"Noto Sans", while KDE/Qt needs "Noto Sans CJK" for it to not show as a
square?

>
> Sub-pixel is awesome, but doesn't work right if your monitors have different
> orientations (and with both code and almost all webpages being better in
> portrait, you want one monitor in lanscape and 1 or 2 in portrait).
>
> Not an issue with laptops, of course.
>

Or you have a tiny desk like me and can only fit one monitor :(
No one-size-fits-all solution here, I guess.

>>> * CSD is still a thing.  No, your special program shouldn't get to ignore
>>>   system theme, put controls in wrong order, miss some controls, not respond
>>>   to minimize/etc if it's currently busy, etc.  Consistency not one-off
>>>   designs.
>>>
>>>   => Install gtk3-nocsd by default in all desktop tasks but Gnome.  It's not
>>>      perfect but it helps.
>>
>> Alternatively, many GNOME apps have CSD-free alternatives. MATE's apps
>> for example are forks with relatively good feature parity:
>>   evince -> atril
>>   file-roller -> engrampa
>>   eog -> eom
>>
>> task-xfce-desktop has used MATE apps over GNOME ones for a while now.
>
> Yeah, I harassed the maintainers to make this switch myself.  Would be
> better for the originals to stop dropping support for non-GNOME, but if we
> can't have that, forking is a solution.
GTK apps with CSD look _passable_ with a decent theme, but I certainly
don't prefer them. chromium is a strange personal exception though...

>  
>>>   => If default desktop at install time was not KDE, make QT obey GTK theme?
>>
>> Installing qt5ct lets you override the theme platform to use GTK+2
>> themes, or configure something else e.g. if your preferred theme also
>> has a Qt version.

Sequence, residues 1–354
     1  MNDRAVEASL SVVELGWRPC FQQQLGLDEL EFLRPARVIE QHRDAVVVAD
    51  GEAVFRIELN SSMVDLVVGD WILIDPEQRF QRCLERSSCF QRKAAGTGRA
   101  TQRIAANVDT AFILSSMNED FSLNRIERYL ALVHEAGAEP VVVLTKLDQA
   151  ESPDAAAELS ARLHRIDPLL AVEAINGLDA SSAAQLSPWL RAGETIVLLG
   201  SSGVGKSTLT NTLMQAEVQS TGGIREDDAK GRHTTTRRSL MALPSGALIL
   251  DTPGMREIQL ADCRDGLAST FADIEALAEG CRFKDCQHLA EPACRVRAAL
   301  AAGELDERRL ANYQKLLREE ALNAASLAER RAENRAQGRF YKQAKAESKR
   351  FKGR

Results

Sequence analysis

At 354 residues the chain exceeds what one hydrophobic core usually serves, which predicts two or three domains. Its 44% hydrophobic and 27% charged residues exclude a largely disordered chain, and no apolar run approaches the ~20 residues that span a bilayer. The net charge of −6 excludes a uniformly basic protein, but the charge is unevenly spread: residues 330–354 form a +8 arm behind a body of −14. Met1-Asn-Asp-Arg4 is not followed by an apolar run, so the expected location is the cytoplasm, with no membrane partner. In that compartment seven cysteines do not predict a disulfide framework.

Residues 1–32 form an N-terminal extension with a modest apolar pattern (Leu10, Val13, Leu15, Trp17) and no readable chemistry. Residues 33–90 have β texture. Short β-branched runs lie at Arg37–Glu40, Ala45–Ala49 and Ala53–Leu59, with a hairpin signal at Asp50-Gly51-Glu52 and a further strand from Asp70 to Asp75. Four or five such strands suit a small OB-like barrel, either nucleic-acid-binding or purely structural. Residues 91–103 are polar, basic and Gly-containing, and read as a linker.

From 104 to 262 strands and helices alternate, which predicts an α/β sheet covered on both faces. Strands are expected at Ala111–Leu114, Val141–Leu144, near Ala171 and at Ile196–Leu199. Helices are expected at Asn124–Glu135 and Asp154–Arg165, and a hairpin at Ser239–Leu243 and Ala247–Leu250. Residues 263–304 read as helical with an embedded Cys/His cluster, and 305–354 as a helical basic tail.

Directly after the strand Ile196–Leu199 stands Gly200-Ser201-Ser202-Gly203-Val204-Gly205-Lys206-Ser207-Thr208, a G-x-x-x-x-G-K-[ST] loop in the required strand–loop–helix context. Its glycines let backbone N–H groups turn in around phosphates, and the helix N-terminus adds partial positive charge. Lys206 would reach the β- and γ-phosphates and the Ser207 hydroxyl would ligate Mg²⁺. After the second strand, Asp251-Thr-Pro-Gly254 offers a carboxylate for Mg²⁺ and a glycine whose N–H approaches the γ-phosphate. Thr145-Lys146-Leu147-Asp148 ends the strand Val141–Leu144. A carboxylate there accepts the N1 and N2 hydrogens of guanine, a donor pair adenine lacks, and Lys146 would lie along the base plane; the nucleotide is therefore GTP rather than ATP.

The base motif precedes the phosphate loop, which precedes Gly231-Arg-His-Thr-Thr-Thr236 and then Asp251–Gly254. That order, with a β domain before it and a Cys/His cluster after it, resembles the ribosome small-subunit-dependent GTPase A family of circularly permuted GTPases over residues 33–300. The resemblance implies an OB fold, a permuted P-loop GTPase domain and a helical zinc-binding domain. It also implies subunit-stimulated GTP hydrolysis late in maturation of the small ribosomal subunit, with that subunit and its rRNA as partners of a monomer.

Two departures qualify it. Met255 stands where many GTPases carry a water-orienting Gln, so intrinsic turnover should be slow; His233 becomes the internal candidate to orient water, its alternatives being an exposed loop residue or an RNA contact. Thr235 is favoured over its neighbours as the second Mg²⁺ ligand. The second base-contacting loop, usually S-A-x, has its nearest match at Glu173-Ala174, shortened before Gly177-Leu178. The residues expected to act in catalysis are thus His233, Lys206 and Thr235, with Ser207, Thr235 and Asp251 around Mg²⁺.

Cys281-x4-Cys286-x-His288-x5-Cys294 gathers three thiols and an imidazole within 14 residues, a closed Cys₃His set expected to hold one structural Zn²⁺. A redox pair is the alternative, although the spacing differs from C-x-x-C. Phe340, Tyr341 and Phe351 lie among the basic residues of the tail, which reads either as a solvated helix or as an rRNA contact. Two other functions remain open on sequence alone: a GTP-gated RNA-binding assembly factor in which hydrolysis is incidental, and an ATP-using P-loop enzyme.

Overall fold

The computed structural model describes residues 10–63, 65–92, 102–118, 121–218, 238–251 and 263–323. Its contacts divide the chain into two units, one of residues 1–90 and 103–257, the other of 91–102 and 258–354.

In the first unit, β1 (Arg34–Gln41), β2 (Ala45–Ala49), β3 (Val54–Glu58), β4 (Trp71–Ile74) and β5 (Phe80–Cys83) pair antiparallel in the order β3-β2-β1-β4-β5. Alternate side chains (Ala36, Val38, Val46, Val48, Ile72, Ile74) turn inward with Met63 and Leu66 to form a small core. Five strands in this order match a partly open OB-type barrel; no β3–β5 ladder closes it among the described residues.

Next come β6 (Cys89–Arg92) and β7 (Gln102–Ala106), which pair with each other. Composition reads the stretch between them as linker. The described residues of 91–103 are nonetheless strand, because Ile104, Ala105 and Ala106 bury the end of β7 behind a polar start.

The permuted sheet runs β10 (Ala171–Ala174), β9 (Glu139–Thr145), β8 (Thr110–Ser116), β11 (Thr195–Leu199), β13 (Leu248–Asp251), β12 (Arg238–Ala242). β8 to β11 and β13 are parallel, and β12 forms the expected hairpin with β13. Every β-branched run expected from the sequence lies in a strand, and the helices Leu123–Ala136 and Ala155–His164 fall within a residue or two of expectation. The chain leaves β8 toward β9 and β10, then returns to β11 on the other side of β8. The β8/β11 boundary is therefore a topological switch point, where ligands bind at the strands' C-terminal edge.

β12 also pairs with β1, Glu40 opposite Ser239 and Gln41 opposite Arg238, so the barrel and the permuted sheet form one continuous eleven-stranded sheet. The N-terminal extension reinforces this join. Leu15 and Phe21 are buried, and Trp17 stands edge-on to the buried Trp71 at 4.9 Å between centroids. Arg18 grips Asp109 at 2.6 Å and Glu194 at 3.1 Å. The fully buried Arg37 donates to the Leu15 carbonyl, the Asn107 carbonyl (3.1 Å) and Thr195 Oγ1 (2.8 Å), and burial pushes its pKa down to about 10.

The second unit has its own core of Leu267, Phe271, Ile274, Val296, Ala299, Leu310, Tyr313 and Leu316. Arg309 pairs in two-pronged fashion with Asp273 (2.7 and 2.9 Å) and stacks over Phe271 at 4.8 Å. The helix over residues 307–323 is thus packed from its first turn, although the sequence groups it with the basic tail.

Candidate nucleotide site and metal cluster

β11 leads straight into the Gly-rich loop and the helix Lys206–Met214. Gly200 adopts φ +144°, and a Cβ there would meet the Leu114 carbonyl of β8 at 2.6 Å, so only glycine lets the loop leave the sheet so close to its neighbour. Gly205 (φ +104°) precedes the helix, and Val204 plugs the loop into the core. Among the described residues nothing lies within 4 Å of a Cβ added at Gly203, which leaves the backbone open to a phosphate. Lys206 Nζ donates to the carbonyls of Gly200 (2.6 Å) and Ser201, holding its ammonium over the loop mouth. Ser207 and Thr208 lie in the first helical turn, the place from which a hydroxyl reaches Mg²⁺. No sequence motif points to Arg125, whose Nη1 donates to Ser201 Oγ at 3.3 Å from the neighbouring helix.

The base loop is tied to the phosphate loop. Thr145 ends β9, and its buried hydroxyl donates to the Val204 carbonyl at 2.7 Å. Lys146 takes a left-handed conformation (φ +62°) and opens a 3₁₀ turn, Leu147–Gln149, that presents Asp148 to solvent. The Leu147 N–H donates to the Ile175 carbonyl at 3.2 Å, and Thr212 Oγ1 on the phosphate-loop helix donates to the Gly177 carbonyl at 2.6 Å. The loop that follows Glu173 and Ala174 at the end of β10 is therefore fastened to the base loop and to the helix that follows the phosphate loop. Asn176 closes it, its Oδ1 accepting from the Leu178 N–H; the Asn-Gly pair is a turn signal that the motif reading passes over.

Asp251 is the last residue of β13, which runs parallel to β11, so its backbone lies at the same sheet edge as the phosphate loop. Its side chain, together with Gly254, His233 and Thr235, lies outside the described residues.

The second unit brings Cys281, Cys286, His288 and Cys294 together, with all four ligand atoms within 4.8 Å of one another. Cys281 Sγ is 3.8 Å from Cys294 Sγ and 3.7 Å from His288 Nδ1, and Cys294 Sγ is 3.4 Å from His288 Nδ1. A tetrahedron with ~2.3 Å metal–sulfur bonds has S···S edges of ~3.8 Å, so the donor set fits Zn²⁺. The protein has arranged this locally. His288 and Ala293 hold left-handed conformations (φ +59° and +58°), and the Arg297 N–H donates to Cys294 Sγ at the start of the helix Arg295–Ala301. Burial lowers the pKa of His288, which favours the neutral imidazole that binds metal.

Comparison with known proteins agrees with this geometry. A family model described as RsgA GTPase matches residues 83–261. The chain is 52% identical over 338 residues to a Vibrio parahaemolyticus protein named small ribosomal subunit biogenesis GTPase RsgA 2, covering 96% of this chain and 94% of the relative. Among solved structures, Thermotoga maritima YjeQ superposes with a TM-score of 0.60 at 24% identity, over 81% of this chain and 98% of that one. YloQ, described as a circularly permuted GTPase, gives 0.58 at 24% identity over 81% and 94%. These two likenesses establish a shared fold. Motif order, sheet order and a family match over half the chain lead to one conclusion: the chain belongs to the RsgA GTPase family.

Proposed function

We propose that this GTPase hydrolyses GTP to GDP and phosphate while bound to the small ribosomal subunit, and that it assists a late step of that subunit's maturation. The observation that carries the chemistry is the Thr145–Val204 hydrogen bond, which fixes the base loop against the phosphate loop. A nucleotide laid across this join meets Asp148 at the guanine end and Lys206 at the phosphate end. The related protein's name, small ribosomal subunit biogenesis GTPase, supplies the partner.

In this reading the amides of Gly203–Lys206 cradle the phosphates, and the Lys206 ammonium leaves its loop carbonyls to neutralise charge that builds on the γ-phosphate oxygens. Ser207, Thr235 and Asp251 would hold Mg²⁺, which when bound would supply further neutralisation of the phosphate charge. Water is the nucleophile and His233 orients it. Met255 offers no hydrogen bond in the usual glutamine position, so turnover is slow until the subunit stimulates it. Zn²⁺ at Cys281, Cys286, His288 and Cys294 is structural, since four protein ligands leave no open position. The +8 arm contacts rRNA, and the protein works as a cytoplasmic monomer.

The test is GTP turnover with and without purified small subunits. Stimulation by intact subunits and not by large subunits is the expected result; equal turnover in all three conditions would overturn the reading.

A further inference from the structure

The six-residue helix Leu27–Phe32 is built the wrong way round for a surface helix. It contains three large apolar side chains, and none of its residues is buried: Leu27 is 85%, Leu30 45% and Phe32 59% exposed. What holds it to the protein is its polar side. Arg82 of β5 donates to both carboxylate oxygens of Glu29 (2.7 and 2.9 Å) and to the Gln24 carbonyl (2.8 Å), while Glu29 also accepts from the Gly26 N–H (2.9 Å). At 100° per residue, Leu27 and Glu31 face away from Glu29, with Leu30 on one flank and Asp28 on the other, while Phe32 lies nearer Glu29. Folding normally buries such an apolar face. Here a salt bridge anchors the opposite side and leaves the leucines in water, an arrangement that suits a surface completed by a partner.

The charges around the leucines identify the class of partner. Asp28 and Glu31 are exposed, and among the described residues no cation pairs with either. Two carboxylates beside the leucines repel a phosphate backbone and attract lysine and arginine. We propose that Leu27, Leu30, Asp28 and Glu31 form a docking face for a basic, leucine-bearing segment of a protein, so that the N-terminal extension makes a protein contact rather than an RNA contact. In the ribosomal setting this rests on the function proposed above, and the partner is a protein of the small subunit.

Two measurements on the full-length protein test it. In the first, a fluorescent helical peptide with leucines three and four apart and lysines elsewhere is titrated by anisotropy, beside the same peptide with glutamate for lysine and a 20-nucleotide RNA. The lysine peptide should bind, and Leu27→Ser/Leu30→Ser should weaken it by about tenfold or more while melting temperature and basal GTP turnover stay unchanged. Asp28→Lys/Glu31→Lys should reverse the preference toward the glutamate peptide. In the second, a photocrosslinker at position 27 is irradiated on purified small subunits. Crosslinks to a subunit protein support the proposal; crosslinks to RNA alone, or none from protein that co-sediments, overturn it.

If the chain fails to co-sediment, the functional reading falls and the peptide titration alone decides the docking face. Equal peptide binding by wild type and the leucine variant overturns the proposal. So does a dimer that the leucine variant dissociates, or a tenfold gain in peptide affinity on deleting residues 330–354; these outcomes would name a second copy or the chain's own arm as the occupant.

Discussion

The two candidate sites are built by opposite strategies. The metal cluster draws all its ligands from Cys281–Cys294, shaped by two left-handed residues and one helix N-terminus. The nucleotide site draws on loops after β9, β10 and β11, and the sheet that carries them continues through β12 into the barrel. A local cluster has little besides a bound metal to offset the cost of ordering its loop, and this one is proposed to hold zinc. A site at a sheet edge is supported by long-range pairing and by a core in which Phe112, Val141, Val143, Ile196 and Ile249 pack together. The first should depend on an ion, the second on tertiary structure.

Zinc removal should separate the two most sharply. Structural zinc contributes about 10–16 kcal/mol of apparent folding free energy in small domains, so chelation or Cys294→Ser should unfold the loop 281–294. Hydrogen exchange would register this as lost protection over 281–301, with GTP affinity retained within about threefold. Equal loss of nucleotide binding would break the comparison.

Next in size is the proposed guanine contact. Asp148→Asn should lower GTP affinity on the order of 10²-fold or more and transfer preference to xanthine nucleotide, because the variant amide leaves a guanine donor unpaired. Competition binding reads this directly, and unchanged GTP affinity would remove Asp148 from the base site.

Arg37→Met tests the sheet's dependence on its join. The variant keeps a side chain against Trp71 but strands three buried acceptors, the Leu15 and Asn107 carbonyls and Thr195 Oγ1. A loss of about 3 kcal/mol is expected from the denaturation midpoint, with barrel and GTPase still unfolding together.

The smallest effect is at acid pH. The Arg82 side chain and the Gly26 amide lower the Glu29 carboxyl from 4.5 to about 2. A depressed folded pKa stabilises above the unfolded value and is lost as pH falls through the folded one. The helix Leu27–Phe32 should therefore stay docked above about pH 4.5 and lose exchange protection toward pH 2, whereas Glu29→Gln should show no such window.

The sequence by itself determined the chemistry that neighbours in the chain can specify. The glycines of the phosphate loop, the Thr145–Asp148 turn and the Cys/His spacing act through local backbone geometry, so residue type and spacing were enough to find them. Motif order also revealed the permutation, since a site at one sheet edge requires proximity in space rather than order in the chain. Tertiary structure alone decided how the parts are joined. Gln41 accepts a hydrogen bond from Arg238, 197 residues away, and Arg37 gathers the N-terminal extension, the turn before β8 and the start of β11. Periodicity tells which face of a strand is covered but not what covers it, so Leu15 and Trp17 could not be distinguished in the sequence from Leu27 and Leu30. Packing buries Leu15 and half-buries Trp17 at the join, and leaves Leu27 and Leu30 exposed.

>>
>> One of the issues with hardcoding QT_QPA_PLATFORMTHEME=gtk across
>> sessions is that it conflicts with user settings if they prefer
>> something else.[2]
>
> Yeah, I have it set up on my old desktop, and just copied ~ over when
> installing another, but that'd be inappropriate for this tiny Pinebook.  So
> I ended up with no integration between GTK and QT, and this is one of
> complaints that pushed me to start this thread.
>
> This should be done by default.
¯\_(ツ)_/¯ I'm not super familiar with how sessions work, but qt5ct in
Debian is packaged in a way that only enables it if no
QT_QPA_PLATFORMTHEME was set previously. Perhaps a smart DE would use a
similar strategy if it wants to set QT_QPA_PLATFORMTHEME=gtk2. I don't
recall how newest Cinnamon does this.

>
> And I don't maintain (just use) GUIs so I don't know what's a good way to
> obey user settings.  Especially _my_ settings.
>
>> Another complaint I've heard is how many toolkits we should be
>> installing in a base system, since adding qt5ct will obviously pull in
>> Qt 5. We don't want it to be a hard dependency of any GTK-based desktop
>> either, since that's not really the right place.
>
> Meh, I'd say it's not an issue on any screen-attached machine.  This
> Pinebook is at the very bottom, yet has gobs of space for any system files.
> I'd need to start piling up _data_ to possibly exhaust it.
I'm in agreement here because I use Qt apps frequently (VLC, KeePassXC)
even on a GTK based desktop.

>
> Meow!
>


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Re: Debian, so ugly and unwieldy!

Martin Steigerwald
In reply to this post by Adam Borowski-3
Adam Borowski - 07.06.19, 21:09:
> On Fri, Jun 07, 2019 at 11:24:03AM -0700, James Lu wrote:
[…]

> > > * default font is ugly and poorly hinted -- the latter is
> > > especially jarring> >
> > >   on a low-resolution screen I'm at right now, the former still
> > >   applies to one's proper battlestation at home/work.  Tarzeau
> > >   recently had some interesting rants, but even Quicksand that
> > >   recently got added (during hard freeze...) to desktop-base is
> > >   pretty nice.  Or, if you want something more conventional,
> > >   Clear Sans (Intel Clear).  Or, Inter.  Or...
> > >  
> > >   => Actually configure a good font by default.  Quicksand looks
> > >   fine.
> >
> > I use Noto Sans, which supports a lot of languages out of the box